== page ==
Mike Moreno: Jazz Guitar 'Between the Lines'

fromWBGO

Performers

  • Mike Moreno: guitar
  • John Ellis: saxophones
  • Randy Ingram: piano
  • Doug Weiss: bass
  • Kendrick Scott: drums

Credits

  • Producer: Josh Jackson
  • Mix: Darren Jones, assisted by David Tallacksen

Just the Music

'Old Wise Tale'

4 min 53 sec
 

'Forward and Back'

7 min 51 sec
 
Moreno (300)

hide captionMike Moreno.

Lafiya Watson

I have no idea what's in the water in Houston. Not only is the city a major hub of the country's energy sector, but much of the new energy in jazz has come from Space City. In recent years, several budding jazz greats have graduated from the Houston School of Performing and Visual Arts (HSPVA), a place where young creatives learn their craft.

Mike Moreno graduated from HSPVA, and he's making noise after spending a decade in New York. More to the point, he's actually making great music, and that's the source of the buzz surrounding the young jazz guitarist.

What strikes me most about Moreno is that he is such a gifted composer. His music creates a space where echoes of the impressionistic composer Maurice Ravel, Radiohead, and jazz composer Wayne Shorter commingle freely. Moreno recently came to WBGO with a quintet, and they played three of his originals. "World of the Marionettes" is one of the best titles I've heard in a while; on that song, there's no question that it's Moreno who holds the strings.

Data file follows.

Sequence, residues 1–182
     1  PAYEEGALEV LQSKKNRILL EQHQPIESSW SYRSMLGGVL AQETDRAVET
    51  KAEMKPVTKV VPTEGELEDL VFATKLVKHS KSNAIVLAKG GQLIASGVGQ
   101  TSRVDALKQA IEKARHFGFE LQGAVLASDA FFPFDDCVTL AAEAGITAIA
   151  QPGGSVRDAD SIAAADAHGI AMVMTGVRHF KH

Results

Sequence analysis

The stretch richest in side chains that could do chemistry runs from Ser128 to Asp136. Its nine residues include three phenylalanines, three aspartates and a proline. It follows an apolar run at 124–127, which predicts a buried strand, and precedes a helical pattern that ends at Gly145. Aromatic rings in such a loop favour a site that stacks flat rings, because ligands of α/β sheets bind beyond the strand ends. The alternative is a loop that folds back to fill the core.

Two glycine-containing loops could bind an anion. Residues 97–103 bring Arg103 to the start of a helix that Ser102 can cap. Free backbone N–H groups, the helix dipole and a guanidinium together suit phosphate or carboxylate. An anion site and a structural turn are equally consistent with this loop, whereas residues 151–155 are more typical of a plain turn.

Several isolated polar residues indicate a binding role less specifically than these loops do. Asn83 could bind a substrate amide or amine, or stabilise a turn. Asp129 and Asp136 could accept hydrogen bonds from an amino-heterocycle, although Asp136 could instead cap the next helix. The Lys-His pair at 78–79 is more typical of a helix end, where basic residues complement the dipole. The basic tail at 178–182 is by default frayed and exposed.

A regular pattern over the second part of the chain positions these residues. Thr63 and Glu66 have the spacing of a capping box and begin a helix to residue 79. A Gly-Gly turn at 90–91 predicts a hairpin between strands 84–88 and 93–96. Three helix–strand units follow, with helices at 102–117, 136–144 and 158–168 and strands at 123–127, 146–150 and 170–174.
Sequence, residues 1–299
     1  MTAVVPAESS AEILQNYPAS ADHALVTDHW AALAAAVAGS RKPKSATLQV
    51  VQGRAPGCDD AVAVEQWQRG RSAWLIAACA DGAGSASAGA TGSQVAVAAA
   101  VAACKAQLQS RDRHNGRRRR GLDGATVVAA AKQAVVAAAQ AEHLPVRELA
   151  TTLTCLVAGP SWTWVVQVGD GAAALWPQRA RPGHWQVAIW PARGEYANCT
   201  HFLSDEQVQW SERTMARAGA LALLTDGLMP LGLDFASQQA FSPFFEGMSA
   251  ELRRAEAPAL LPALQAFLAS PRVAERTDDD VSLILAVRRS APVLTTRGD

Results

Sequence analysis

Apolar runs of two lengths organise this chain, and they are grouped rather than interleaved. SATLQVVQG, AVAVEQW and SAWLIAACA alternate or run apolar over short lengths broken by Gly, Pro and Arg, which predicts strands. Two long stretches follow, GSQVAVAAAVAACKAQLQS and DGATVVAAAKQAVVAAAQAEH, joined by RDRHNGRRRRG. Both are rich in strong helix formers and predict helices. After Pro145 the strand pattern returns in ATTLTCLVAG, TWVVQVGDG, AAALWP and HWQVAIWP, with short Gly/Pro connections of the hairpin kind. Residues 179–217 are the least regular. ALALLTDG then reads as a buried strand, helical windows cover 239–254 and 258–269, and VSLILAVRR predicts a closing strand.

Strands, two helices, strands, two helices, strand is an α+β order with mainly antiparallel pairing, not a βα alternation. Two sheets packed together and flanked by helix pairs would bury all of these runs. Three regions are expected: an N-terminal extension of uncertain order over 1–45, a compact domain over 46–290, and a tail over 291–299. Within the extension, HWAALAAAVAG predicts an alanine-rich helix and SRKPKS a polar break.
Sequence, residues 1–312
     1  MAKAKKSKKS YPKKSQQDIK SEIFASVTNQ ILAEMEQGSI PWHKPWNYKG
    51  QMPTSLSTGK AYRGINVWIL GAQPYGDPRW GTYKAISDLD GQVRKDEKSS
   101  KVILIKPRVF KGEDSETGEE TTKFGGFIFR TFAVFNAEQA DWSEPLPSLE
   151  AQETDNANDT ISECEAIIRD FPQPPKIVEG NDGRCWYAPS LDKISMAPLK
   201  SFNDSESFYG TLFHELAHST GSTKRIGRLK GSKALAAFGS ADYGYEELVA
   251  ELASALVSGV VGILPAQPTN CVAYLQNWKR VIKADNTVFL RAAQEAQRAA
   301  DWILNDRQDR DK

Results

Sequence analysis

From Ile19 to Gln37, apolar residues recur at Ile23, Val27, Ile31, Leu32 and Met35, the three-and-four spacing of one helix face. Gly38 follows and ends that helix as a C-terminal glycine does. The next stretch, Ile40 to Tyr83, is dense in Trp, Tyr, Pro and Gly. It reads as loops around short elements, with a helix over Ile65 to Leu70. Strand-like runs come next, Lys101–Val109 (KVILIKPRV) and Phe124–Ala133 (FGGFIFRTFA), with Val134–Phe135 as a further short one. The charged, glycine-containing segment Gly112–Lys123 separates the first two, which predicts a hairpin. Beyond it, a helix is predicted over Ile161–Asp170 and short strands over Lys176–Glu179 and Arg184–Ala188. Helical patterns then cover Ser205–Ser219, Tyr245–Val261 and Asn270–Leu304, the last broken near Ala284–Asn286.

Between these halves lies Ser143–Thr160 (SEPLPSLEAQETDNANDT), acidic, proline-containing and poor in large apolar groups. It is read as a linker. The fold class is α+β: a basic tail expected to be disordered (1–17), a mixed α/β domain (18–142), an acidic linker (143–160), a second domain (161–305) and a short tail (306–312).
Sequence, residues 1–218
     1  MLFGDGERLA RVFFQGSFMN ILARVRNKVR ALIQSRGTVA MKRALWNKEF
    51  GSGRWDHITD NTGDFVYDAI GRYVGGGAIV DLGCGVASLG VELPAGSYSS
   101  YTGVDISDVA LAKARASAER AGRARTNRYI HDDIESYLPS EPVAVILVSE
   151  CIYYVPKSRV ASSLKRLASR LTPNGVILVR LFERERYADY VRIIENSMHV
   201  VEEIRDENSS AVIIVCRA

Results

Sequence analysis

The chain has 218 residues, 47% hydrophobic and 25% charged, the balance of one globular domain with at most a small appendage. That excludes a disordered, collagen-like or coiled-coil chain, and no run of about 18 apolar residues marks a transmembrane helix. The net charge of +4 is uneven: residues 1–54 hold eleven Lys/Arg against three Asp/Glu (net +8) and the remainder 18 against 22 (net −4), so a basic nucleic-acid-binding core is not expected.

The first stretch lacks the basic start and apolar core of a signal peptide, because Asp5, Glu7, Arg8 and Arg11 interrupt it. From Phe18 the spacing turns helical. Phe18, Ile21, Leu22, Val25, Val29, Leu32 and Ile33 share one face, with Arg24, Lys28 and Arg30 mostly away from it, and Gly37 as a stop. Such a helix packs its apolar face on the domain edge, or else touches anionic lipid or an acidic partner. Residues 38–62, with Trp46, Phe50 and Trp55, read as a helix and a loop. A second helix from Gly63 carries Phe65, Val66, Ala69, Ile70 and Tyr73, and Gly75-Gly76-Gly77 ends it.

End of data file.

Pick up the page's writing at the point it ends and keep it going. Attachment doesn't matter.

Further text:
"Old Wise Tale" comes right out of the 1960s Miles Davis Quintet playbook, with a simple melody repeating throughout. The last one, "Forward and Back," is the best example of where Moreno's music is headed: more forward than backward.

Moreno released Between the Lines, his debut recording, on World Culture Music, a label run by a handful of artists who believe in the DIY approach to making music and releasing it to the public.

Listen to the previous Favorite Session or see our full archive.

Comments

 

Please keep your community civil. All comments must follow the NPR.org Community rules and Terms of Use. NPR reserves the right to use the comments we receive, in whole or in part, and to use the commenter's name and location, in any medium. See also the Terms of Use, Privacy Policy and Community FAQ.